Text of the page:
With Historic Ma-Xi Summit, Chinese State Media Walks a Fine Line

For the first time in 66 years, the president of mainland China and the president of self-governing Taiwan will meet face to face. On November 3, Zhang Zhijun, minister in charge of China’s Taiwan Affairs Office, stated that China’s Xi Jinping would meet Taiwan’s Ma Ying-jeou in Singapore during Xi’s upcoming trip there. The historic encounter between the heads of mainland China and the island it considers a rogue province comes as a surprise, with Western media reports attributing the move to Xi’s confident and sometimes aggressive foreign policy—and to Ma’s last-ditch effort, as a lame-duck president in the last few months of his tenure representing an unpopular party, to burnish his legacy.

Whatever the particulars, China’s state media clearly sees the meeting as a huge public relations victory. But in trumpeting the triumph, it’s had to walk a fine line. While outside media coverage has emphasized not just the meeting’s implications for cross-strait relations but also its effect on Taiwan’s polarized internal politics, often divided into pro-Beijing and pro-status quo camps, Chinese state media have almost completely avoided the latter—doing so would highlight the fully independent political system of what Beijing views as a rogue province. And while mainland media has portrayed the meeting as momentous, it’s also taken pains to show the encounter, however hastily announced, was not a surprise—which would imply that the relationship had previously been beyond Xi’s control.

In the wake of the announcement, numerous major state media outlets, including state news agency Xinhua, ruling Communist Party mouthpiece People’s Daily, and online Party publication The Paper swiftly featured the news atop their homepages, and state broadcaster China Central Television (CCTV) reported on the meeting in a November 3 broadcast. People’s Daily highlighted Zhang’s remarks that the meeting would be a “milestone” and that it would set a “precedent of direct communication” between the top Chinese and Taiwanese leaders. A November 4 editorial in the reliably nationalist Global Times called the upcoming meeting an “important breakthrough,” predicting that it would exercise a “positive guiding influence on Taiwan’s future mainland policy” and establish a framework for “global understanding of the cross-Strait relationship.” For his part, Ma echoed that language on November 5, denying that the meeting was intended to influence Taiwan’s early 2016 presidential election, as opposition leader Tsai Ing-wen insinuated on November 4, and stating that the historic summit was intended for the “happiness of the next generation.”

On November 4, the Global Times explained why Singapore was the destination selected for the meeting, explaining that the city-state had a special relationship with both the mainland and Taiwan and that if Ma were to visit Xi in Beijing, “some Taiwanese opinion” would criticize the selection as too deferential. But the article made no mention of why the meeting would not be held in Taiwan. In fact, a visit by Xi would most certainly arouse fierce opposition on the island, which just last year saw widespread protests against a trade deal that appeared too cozy with the mainland.

State media articles employed the careful language regularly invoked in China to tiptoe around different interpretations of the self-governing island’s sovereign status—articles referred to both Xi and Ma as “leaders,” not presidents, and mentions of Taiwan’s “office of the president” appeared in scare-quotes. Xinhua reported on November 4 that Zhang had indicated the two presidents would refer to each other as “mister” to avoid the fraught title of “president.”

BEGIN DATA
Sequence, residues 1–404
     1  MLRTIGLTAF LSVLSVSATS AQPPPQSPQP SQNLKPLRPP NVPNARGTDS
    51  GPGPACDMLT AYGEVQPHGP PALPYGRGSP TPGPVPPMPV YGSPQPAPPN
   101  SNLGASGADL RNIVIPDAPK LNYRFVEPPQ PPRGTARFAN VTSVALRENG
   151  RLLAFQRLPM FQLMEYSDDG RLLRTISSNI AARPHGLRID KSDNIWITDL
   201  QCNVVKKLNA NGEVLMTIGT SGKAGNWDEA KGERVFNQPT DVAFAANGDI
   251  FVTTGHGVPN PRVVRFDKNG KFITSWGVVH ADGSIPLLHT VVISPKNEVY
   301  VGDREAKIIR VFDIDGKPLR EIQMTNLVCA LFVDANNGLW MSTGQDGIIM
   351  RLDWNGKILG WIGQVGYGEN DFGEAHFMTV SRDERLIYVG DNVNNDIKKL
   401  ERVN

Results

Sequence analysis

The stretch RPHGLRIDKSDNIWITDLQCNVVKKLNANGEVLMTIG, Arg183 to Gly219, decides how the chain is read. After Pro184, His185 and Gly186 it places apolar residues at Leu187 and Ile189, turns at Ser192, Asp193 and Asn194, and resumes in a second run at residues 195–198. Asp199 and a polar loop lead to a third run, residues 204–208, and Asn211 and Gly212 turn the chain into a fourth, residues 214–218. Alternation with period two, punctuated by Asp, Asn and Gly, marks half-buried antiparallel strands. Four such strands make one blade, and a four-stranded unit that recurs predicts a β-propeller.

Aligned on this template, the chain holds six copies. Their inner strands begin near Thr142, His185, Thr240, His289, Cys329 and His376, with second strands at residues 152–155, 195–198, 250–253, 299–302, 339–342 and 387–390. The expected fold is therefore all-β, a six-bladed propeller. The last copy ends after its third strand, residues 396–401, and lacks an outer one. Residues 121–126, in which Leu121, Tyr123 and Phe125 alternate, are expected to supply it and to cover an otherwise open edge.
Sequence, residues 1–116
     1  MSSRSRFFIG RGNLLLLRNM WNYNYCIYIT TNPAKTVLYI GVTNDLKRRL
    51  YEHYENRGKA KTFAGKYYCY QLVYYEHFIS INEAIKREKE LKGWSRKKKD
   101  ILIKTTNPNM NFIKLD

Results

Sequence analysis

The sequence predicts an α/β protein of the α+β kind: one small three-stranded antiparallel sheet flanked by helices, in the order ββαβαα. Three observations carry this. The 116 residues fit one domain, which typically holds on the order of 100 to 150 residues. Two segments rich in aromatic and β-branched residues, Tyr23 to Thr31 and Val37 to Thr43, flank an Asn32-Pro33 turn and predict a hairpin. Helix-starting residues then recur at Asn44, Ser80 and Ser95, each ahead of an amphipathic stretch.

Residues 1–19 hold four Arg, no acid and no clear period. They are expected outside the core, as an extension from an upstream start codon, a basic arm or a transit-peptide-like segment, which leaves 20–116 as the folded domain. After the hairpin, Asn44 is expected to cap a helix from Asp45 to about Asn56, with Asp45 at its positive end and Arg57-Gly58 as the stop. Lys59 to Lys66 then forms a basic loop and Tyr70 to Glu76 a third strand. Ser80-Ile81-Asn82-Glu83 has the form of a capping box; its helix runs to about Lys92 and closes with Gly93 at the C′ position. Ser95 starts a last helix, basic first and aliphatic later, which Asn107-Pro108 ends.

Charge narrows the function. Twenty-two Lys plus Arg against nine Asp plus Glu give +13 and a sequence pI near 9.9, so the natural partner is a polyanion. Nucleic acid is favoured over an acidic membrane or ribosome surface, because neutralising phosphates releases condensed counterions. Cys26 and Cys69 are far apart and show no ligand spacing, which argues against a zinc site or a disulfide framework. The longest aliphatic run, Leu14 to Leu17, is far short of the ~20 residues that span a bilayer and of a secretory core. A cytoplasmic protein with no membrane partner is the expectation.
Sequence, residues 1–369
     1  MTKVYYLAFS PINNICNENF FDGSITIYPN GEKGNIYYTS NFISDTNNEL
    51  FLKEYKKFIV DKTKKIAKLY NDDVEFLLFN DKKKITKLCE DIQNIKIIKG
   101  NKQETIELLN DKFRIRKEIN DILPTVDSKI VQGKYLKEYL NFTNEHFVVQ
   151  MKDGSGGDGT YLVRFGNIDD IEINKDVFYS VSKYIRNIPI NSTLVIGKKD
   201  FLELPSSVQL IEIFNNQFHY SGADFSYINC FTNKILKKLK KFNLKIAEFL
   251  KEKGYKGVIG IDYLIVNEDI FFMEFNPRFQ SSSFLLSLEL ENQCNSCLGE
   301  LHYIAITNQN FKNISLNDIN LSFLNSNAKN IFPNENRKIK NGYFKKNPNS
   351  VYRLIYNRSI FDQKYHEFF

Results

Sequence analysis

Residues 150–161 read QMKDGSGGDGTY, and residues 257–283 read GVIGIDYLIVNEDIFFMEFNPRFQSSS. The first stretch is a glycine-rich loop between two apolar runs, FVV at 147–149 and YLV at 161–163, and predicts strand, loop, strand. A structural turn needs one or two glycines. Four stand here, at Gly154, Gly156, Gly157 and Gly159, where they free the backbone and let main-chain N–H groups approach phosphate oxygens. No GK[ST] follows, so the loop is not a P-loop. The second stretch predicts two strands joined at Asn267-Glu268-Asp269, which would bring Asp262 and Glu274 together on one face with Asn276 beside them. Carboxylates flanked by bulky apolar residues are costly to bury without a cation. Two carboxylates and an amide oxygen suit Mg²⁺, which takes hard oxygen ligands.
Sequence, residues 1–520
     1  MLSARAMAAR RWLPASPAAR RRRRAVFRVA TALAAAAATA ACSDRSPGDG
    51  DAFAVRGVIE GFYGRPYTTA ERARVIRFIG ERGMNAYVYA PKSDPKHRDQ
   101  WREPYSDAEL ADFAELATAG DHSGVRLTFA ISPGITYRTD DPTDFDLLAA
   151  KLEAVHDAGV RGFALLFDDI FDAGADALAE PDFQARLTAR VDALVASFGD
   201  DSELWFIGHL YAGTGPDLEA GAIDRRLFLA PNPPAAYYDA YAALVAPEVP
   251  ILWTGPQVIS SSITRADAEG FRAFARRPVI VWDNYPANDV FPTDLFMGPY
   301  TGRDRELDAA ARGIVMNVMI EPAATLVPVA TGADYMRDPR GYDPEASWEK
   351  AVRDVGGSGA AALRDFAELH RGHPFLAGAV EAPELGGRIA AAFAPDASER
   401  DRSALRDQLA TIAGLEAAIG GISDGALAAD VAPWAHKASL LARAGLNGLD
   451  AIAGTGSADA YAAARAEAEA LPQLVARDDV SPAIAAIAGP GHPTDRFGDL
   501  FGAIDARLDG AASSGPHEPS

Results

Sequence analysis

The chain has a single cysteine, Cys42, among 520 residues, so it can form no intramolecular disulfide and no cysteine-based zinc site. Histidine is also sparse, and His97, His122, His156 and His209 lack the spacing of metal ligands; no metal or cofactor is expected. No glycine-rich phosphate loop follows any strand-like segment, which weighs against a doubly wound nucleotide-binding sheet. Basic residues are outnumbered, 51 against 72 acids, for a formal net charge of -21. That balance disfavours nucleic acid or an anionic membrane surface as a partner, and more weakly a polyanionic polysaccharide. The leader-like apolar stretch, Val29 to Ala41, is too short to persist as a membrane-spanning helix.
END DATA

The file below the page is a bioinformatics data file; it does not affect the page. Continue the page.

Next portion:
The jubilant mainland coverage contrasted sharply with the strongly divided reaction within Taiwan after the news broke.

The jubilant mainland coverage contrasted sharply with the strongly divided reaction within Taiwan after the news broke. Demonstrators staged a protest outside Taiwan’s parliament on November 4, expressing concerns that the Xi-Ma summit could damage the island’s democracy. As one protester told the Taipei Times, “What right does he have to make such an important decision about Taiwan’s safety and future” with approval ratings in the teens. The legislative caucus of the opposition Democratic Progressive Party, which many expect to win in the January election, condemned what it termed a “black-box” meeting, saying that the preconditions of “national need, public support, and legislative oversight” had not been met.

Meanwhile, commentary on China’s tightly controlled social media spaces was relatively scanty, perhaps due to the highly sensitive nature of the topic. But some online commentators still weighed in, and many expressed subtle support by posting smiling emojis or thumbs-up. But less optimistic commentary still seemed to carry some resonance. On one November 4 post by CCTV’s Weibo account announcing the meeting, the most up-voted comment was by a man who self-identified as Taiwanese. “Speaking frankly, it will difficult for there to be any kind of real progress,” he wrote. “Taiwanese basically don’t even think of themselves as Chinese. People on the mainland may be awaiting reunification, but it might be no less difficult than uniting the two Koreas.”

Those negative views did not make their way into mainland media. The message conveyed to consumers of news in the world’s most populous country was, rather, that Taiwan’s leader values ties with the mainland, that Taiwanese detractors are only a small and extreme minority, and most crucially, that the cross-Strait relationship is making steady and inevitable progress. As one featured November 4 Global Times article proclaimed, the “Taiwan problem is already not a problem.”